The timing of some finalized student growth data should not be a barrier to implementing T-TESS as it’s designed. First, no single year student growth data should be the trigger in any substantial decisions a district or campus makes about a teacher. Student growth is one of multiple measures of a teacher’s practice, and decisions should take into consideration more than just single year student growth. Second, in a formative appraisal process like T-TESS, the timing of student growth data reinforces the ongoing loop between appraisal, feedback, and development. Discussions about a teacher’s practice should be ongoing and should evolve over the course of the year. Student growth data can be analyzed when available and should be taken into consideration when a teacher modifies or adjust his or her goals and professional development plan at the beginning of a new school year.
Will teachers be fired if their students do not demonstrate growth?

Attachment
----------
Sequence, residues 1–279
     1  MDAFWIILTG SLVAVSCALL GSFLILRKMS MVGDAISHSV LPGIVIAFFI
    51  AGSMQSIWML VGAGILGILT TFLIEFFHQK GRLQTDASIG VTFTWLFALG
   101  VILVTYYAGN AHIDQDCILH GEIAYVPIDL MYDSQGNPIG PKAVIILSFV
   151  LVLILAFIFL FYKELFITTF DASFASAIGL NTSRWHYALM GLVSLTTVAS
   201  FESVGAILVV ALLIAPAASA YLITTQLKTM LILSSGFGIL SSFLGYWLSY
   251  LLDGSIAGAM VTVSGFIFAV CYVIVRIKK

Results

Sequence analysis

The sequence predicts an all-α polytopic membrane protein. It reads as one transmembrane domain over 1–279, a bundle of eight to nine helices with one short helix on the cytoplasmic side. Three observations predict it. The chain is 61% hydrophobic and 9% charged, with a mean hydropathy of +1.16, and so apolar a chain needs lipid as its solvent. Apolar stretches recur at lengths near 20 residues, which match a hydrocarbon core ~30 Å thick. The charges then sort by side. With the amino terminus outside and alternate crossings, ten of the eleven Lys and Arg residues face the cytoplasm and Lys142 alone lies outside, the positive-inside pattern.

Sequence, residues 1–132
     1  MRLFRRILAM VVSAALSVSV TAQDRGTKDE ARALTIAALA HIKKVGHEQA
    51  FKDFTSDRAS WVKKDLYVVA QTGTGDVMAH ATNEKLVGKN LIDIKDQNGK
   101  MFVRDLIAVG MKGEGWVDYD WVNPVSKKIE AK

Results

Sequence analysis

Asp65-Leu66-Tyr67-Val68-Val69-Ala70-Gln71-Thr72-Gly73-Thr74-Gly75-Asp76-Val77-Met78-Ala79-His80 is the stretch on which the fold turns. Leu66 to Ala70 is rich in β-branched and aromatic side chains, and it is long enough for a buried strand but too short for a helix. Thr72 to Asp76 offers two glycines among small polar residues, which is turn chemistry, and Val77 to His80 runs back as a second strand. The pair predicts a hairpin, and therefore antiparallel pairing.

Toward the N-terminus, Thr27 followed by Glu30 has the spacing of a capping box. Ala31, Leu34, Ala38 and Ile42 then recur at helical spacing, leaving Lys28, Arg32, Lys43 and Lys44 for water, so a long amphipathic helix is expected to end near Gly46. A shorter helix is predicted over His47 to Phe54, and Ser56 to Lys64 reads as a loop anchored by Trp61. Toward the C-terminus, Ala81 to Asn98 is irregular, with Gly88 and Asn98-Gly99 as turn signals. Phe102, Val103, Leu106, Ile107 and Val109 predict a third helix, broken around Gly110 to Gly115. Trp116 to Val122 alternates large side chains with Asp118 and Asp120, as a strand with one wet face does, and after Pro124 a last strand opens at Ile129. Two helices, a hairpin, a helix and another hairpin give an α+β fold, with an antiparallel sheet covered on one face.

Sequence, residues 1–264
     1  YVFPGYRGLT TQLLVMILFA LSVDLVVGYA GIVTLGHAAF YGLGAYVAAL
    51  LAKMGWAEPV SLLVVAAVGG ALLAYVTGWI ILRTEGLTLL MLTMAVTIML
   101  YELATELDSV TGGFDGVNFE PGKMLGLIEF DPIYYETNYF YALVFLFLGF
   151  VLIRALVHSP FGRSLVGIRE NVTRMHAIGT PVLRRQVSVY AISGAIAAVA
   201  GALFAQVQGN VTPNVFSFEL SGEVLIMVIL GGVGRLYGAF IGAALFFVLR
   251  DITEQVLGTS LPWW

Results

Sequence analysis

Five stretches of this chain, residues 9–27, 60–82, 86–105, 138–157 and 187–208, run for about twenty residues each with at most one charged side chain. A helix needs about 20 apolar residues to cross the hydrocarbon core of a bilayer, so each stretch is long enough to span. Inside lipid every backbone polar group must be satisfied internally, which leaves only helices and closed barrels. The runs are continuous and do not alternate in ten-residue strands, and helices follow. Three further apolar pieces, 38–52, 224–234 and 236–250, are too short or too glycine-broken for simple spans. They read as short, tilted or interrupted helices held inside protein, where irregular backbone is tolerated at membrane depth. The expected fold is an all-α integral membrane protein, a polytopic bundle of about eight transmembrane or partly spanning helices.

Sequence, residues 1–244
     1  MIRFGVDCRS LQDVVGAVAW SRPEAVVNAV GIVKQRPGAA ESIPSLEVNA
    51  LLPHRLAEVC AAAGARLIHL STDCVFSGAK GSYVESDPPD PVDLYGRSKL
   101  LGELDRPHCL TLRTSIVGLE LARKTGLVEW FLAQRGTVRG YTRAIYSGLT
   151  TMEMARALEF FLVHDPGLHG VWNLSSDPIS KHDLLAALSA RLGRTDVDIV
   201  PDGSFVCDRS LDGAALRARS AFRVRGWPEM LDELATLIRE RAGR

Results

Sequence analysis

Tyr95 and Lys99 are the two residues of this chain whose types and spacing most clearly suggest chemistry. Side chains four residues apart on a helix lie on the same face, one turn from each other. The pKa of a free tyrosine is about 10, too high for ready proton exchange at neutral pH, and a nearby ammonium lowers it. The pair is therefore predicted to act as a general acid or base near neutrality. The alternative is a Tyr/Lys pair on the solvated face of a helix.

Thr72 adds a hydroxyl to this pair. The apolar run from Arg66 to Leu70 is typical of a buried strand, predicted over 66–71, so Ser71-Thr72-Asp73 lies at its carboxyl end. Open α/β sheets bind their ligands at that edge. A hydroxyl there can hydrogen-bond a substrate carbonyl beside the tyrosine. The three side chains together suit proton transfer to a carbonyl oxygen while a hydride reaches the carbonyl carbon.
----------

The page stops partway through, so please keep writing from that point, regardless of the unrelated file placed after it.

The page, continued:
The idea behind T-TESS is to provide teachers with more information and support as they develop as educators, not to create a punitive system. Personnel decisions have always been district decisions and not something TEA promotes as the driving force behind teacher appraisal. That said, districts make personnel decisions based on multiple factors, and TEA will continue to communicate to districts that single-year student growth data should not be the sole factor in employment decisions.
*For more information on student growth measures, please view the TEA Student Growth Overview website